While the current drug testing policy works well to keep normal steroid use in check, MLB still has a ways to go in further combatting PED use. If they’re truly committed to eradicating the sport of steroids and amphetamines, they’ll do whatever it takes to understand how players are beating tests. I’d expect many PED-related issues to arise when the PA and owners sit down for the next collective bargaining agreement. Unfortunately for the players, they’re not going to have a ton of leverage on this issue.
News just broke on SportsCenter. More as it comes.
Update (11:48am): LA Times has the news.
Update (11:52am): From the LAT article:
Ramirez is expected to attribute the test results to medication received from a doctor for a personal medical issue, according to a source familiar with matter but not authorized to speak publicly.
Update (12:21pm): Okay, so now basically everyone involved, including Manny and Boras, are saying the positive test was triggered by a medication prescribed for a personal issue by a doctor in Miami. Regardless, banned substances are banned substances, and Manny will serve the suspension starting tonight. I suspect we’ll hear absolutely nothing about the possibility of Boston’s recent titles being tainted.
Update (12:36pm): Manny issued a statement, basically saying that it was a prescribed medication and that he’s been advised not to say anything else. He did note that he’s taken – and passed – about 15 other tests over the last few years. The statement is available here as a PDF.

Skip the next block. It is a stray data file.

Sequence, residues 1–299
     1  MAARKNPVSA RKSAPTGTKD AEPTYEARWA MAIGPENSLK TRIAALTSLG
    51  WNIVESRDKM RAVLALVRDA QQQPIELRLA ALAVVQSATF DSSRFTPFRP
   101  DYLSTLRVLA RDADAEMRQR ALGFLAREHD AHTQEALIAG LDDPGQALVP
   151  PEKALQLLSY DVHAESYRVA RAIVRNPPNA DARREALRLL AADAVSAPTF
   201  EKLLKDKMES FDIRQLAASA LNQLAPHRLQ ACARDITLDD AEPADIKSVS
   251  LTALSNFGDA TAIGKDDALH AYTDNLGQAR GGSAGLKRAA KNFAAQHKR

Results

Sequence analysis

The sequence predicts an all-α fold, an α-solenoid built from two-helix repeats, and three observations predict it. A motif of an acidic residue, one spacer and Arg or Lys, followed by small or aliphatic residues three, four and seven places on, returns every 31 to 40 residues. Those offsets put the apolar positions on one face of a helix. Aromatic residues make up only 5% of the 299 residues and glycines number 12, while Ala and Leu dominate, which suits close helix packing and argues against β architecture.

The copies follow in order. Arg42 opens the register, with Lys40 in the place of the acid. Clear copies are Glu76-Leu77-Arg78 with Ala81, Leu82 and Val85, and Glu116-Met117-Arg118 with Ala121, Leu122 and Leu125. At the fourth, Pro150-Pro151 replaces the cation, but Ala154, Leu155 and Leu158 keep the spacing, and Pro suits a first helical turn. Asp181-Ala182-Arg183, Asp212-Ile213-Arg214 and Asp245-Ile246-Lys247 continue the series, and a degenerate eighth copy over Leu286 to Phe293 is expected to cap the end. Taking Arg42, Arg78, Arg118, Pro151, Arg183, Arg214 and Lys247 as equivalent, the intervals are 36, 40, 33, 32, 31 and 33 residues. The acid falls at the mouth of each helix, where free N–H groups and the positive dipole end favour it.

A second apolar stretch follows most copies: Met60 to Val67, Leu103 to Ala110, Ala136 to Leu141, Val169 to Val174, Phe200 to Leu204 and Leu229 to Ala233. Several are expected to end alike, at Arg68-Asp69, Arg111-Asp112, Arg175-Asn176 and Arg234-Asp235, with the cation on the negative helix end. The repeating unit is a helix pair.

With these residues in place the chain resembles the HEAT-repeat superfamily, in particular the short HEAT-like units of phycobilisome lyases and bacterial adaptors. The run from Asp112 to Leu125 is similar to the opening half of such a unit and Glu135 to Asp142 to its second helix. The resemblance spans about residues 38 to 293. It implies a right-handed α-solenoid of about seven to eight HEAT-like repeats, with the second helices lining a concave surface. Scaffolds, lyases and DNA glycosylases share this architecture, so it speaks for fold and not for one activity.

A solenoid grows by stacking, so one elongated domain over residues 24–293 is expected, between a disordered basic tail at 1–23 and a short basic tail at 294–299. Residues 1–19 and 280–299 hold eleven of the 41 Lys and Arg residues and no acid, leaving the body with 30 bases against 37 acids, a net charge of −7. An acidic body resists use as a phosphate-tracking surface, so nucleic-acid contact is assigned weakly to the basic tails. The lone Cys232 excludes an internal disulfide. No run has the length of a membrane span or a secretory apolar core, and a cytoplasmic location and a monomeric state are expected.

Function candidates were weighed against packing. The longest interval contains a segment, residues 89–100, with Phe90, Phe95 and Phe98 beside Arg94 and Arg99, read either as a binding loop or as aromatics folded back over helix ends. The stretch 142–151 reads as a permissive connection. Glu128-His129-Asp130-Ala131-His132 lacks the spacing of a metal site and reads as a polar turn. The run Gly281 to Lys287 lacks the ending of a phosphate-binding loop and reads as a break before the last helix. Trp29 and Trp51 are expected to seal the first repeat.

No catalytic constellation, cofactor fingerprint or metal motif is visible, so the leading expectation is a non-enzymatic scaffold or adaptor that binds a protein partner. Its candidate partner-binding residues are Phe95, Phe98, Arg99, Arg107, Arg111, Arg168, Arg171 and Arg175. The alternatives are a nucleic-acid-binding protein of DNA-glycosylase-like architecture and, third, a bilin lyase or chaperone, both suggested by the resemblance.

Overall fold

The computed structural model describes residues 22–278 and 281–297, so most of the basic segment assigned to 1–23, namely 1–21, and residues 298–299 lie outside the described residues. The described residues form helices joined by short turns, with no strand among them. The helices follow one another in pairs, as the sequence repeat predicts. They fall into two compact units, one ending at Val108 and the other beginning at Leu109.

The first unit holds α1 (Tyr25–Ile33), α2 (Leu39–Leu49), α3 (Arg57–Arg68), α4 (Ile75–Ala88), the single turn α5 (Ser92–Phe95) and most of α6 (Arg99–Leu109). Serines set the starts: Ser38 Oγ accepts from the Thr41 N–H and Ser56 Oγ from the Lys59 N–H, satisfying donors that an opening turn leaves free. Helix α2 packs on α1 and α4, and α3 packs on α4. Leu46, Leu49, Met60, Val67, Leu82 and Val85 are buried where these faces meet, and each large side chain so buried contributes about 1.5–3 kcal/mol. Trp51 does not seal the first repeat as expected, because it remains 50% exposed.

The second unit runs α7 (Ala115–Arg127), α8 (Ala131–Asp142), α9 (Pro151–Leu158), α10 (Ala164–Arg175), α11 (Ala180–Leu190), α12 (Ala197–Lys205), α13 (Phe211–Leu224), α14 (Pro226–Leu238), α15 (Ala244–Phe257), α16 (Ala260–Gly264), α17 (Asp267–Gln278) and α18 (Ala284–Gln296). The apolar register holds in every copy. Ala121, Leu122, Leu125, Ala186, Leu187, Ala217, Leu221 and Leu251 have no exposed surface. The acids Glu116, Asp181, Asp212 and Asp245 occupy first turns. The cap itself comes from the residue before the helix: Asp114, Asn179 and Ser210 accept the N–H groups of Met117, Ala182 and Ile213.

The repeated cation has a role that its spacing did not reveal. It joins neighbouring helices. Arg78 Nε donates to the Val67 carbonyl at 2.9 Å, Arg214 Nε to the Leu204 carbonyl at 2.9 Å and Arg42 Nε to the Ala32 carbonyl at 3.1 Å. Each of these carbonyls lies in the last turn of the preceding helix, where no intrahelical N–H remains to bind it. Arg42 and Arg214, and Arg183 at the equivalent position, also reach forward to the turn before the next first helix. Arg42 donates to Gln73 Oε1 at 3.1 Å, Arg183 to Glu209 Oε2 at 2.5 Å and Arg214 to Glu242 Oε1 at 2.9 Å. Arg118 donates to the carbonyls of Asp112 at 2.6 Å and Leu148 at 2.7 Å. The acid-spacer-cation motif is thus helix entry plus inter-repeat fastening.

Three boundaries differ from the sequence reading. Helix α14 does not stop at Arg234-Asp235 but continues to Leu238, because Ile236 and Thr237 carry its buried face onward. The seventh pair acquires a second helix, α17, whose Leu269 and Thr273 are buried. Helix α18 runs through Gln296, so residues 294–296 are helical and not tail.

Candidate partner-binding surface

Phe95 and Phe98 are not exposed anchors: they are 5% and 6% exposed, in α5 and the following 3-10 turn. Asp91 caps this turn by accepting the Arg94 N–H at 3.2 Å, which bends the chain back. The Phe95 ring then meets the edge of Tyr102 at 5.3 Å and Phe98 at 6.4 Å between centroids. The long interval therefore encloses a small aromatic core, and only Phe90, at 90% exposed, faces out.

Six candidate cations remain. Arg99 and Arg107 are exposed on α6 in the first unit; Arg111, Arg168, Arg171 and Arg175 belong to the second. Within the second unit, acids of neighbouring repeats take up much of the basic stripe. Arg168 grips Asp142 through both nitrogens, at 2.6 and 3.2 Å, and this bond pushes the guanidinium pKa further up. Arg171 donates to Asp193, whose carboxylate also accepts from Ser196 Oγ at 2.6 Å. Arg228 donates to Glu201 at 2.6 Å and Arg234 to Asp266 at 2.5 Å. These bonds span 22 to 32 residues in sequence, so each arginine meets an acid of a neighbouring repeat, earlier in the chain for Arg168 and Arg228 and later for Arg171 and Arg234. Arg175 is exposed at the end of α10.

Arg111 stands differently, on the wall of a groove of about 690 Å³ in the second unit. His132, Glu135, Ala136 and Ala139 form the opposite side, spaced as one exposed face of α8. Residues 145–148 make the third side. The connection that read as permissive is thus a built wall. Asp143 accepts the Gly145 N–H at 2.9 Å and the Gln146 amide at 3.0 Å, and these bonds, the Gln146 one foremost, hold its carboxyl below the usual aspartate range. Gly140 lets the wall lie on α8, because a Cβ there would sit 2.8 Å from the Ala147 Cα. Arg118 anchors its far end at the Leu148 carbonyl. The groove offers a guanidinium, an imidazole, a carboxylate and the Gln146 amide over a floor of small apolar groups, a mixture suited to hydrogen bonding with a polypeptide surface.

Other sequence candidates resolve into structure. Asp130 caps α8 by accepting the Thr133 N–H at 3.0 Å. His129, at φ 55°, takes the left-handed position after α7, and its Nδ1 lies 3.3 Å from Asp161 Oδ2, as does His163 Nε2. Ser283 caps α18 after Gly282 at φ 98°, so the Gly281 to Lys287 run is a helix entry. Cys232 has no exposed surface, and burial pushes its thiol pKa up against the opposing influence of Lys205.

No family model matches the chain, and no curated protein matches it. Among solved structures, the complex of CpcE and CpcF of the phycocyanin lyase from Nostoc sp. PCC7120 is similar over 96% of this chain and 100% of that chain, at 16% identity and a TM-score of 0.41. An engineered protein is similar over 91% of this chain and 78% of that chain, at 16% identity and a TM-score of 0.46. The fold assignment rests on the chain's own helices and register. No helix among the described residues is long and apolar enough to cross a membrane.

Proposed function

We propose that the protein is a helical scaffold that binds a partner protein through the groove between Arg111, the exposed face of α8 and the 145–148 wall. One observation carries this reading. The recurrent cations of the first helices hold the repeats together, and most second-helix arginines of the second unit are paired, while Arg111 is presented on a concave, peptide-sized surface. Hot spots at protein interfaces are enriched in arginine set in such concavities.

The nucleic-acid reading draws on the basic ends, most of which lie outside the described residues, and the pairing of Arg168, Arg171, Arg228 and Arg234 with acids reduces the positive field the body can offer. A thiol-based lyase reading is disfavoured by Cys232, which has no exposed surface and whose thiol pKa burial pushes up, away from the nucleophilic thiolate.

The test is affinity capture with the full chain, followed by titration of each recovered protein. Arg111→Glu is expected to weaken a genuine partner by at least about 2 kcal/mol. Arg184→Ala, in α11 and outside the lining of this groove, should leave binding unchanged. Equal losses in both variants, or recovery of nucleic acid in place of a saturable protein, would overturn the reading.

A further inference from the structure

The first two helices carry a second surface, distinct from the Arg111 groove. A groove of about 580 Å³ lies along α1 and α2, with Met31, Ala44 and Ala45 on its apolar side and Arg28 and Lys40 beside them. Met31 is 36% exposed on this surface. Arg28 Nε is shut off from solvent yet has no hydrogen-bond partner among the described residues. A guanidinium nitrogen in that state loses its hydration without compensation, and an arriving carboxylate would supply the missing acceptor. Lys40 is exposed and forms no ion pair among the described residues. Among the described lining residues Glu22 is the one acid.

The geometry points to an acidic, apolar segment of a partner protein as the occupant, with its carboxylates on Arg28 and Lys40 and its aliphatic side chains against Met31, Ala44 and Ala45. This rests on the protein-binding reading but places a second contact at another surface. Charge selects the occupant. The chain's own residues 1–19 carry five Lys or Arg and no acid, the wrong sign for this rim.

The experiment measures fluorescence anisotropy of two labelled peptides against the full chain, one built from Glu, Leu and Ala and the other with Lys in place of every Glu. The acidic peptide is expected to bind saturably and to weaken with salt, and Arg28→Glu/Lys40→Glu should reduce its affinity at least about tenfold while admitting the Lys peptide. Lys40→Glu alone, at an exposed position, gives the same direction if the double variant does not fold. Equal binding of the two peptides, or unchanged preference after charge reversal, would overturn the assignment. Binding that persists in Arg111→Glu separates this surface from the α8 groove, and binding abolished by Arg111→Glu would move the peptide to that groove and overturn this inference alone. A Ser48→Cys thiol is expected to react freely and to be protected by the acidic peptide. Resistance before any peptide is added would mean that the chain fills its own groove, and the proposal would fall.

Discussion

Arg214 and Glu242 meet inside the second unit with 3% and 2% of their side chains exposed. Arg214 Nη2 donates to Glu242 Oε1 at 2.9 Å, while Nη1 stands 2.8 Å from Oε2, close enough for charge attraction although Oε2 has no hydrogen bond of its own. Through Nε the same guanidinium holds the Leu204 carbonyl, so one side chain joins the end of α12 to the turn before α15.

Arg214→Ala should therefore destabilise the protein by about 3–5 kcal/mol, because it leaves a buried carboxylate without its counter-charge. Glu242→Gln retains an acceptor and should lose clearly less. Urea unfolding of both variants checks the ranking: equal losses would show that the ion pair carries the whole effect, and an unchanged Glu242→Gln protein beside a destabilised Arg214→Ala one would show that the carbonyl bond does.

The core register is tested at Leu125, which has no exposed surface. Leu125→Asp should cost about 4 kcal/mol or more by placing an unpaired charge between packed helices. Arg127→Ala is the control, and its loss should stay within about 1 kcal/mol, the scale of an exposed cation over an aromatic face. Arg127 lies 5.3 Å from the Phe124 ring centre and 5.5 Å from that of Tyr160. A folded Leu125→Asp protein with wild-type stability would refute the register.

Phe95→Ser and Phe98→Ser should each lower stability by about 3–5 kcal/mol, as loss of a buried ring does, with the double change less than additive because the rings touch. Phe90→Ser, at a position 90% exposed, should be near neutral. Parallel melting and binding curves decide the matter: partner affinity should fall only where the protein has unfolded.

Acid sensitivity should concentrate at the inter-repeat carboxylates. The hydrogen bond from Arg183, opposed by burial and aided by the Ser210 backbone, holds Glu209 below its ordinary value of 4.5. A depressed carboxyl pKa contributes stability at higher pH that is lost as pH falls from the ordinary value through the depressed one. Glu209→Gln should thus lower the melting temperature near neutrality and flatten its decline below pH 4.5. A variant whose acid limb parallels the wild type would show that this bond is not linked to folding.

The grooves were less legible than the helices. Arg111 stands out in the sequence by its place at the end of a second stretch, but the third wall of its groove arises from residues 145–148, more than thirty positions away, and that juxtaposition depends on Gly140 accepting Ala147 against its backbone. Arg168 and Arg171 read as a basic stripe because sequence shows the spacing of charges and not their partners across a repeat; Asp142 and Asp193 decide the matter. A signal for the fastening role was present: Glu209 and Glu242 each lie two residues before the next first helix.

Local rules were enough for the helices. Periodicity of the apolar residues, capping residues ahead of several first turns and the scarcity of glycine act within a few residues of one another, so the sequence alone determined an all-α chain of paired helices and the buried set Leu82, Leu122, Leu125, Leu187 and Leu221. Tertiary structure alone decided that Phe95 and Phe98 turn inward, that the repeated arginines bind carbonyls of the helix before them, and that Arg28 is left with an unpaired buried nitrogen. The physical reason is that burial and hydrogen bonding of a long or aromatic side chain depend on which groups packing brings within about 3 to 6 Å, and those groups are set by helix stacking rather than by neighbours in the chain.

Update by Ben (12:50pm): Per Will Carroll’s Twitter, Manny was suspended under section 8.G.2 of the drug agreement. This provision allows for a suspension if a player tests positive for controlled substances, PEDs or stimulants not enumerated in the prior Section 8 terms. (The JDA is available here as a PDF.)
So basically, it sounds as though Manny has been suspended for something other than a PED, a stimulant or marijuana. It could be HGH; it could be something less serious. Either way, the suspension was at the discretion of Bud Selig. Something big happened here.
Update by Ben (1:56 pm): Yahoo! Sports reports that the banned substance was a sexual performance enhancing drug. It isn’t Viagra but rather, as Steve Henson and Tim Brown report, “a substance that treats the cause rather providing a temporary boost in sexual performance, the source said.” What the cause could be is anyone’s guess.
Update by Ben (2:12 pm): ESPN reports that the fertility drug Manny was using is a steroid booster. The Worldwide Leader writes, “HCG is a women’s fertility drug typically used by steroid users to restart their body’s natural testosterone production as they come off a steroid cycle.” This could blow up even more.
Somehow, someway, in a bad economy with no other potential suitors, Scott Boras is going to get Manny Ramirez his millions. According to numerous reports — rounded up by MLBTR — Manny and the Dodgers are soon going to agree to a two-year, $45-million deal. Included in this deal with be a one-year opt-out that Manny can exploit if he and Boras feel his 2009 performance and the 2009-2010 market warrant it. That the Dodgers would do this deal at this price point with an opt-out is a bit mind-boggling. Meanwhile, the Yanks have some outfield holes to fill next year, and either Matt Holliday or Manny Ramirez could wind up the beneficiary of some Bronx bucks. I’m sure the thought has occurred to Mr. Boras already.